Dedicated to the devotional, exegetical and philosophical study of theological paradox in Conservative, Thoroughly Biblical, Historically Orthodox, Essentially Reformed theology . . . to the glory of God alone!

Monday, February 07, 2011

Lakeside Retreat 2011 - What I Brought Home

My wife and kids, of course! And my guitar and mandolin. But besides all that, I brought home a powerful reminder of the importance of faithfulness.

Someone mentioned the way David had saved his father's sheep from lions and bears. He noted, "David could easily have said, 'oh well, it's just one little sheep. No one will miss it.' But instead he risked his life to save that sheep." When I heard these words, I immediately recognized that there have been times when I have not guarded my Father's "sheep," have not stood up bravely to oppose the aggressor, have not risked my life, have not been faithful in the "little things," have not "shed blood" in the fight against sin. I suddenly realized (anew) that seemingly small compromises are serious violations in God's eyes. God values His little sheep very highly, and He values our faithfulness very highly. All things are HIS, and I have no right to relinquish any of His property to the enemy. Whatever He has given me, I must guard carefully.

My mind is His. My mouth is His. My body is His. My life belongs to Him, and I must show that I belong to Him in all of the small ways as well as the big ways. I need to be fierce and courageous in guarding the little sheep in my life. Every stray word, thought and deed must be repented quickly, and every detail must be kept in faithfulness. I have to guard the trust.

My wife and children are His. I must place myself between them and the destroyer. I must stand my ground without flinching, and oppose every threat that comes against them. I must defend them with my life. Love always protects.

That's what I brought home from the retreat. I am grateful that God loves me so much that He will not let me go astray in these things without conviction, rebuke and discipline. Because I am also His sheep, and His son. He calls me, like David, to be a man "after His own heart" - a man who will defend himself and his family against evil.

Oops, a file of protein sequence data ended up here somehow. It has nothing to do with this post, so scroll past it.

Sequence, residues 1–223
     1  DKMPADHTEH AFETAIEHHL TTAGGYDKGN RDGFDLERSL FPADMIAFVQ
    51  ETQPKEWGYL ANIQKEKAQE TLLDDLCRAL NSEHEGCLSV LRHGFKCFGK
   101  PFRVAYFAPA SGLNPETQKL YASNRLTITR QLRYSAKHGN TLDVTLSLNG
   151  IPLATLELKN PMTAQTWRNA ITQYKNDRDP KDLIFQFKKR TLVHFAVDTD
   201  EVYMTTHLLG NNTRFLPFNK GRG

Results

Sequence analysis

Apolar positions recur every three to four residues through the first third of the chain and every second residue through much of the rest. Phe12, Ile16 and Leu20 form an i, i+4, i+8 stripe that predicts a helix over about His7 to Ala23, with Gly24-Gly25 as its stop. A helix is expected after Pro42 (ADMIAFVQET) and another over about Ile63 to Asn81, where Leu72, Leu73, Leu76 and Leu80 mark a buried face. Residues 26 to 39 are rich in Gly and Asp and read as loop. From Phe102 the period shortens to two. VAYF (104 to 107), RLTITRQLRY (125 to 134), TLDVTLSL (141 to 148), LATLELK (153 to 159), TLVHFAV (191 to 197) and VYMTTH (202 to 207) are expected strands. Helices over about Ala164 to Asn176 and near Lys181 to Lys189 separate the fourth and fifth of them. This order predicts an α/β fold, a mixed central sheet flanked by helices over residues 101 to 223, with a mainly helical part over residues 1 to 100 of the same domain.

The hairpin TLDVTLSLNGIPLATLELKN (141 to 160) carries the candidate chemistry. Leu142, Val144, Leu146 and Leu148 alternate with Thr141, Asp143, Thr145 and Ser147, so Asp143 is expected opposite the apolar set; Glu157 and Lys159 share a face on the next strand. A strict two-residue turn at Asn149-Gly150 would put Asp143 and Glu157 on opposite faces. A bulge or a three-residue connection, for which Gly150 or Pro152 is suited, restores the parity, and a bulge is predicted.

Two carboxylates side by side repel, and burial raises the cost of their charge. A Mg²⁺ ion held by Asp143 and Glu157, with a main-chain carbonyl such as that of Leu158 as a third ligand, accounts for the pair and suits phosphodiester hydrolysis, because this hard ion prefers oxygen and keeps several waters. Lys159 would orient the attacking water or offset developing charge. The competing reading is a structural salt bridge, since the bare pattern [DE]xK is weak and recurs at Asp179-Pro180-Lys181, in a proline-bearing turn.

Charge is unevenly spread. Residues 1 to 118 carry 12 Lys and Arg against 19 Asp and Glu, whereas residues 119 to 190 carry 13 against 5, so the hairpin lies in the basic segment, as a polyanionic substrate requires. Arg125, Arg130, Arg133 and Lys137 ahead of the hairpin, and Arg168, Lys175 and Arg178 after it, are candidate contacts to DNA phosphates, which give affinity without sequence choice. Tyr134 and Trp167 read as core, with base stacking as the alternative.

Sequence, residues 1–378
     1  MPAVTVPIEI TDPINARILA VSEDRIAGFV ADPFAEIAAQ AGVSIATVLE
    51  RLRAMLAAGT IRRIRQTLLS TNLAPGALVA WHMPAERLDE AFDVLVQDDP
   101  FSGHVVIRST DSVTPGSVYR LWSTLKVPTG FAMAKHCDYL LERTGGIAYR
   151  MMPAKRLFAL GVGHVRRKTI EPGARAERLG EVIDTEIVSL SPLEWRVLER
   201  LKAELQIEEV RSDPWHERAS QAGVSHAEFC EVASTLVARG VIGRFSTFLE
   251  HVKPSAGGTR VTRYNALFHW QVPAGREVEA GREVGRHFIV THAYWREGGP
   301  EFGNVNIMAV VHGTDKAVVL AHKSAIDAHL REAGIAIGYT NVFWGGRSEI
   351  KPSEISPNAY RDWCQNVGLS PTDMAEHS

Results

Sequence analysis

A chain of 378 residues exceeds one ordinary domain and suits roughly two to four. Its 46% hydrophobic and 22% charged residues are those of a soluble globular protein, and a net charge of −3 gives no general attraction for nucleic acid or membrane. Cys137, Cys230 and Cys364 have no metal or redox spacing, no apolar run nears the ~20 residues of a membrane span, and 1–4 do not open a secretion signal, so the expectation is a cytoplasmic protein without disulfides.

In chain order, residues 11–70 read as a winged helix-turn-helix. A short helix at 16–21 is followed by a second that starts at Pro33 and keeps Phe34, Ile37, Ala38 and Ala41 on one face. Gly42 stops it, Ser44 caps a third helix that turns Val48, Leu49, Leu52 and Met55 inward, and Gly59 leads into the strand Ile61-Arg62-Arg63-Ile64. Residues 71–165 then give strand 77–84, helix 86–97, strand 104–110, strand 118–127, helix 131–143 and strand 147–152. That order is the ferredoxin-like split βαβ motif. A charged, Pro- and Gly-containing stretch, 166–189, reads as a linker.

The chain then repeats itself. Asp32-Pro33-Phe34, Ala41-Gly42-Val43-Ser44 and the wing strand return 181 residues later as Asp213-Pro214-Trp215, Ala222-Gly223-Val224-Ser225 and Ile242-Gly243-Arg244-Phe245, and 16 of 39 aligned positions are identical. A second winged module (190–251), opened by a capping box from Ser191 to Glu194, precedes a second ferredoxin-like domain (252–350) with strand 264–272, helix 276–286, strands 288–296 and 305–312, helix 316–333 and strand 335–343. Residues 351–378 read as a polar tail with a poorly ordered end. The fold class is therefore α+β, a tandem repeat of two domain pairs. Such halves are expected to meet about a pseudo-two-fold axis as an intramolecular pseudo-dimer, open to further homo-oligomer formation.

I Samuel 17:34-37 But David said to Saul, "Your servant used to keep sheep for his father. And when there came a lion, or a bear, and took a lamb from the flock, I went after him and struck him and delivered it out of his mouth. And if he arose against me, I caught him by his beard and struck him and killed him. Your servant has struck down both lions and bears, and this uncircumcised Philistine shall be like one of them, for he has defied the armies of the living God." And David said, "The LORD who delivered me from the paw of the lion and from the paw of the bear will deliver me from the hand of this Philistine." And Saul said to David, "Go, and the LORD be with you!"


  1. So many good things to learn from the life of the shepherd...the character of our Father, our role as fathers and husbands, and the role of the pastor. The lessons are clear and comforting. God help us to learn them! Great thoughts, Derek.

  2. Thanks, Blaine. Isn't it amazing how God can take a few words and use them to strike our hearts with conviction? It reminds me to guard my words, on the one hand, and to trust God to use them on the other. I find there is nothing more encouraging than to KNOW that God has addressed me - even if that address comes in the form of correction.


  3. Exactly right. We were given toughness, dedication, and relentless focus to fight with, on behalf of our weaker family members. Abdication has no place in the Christian life.


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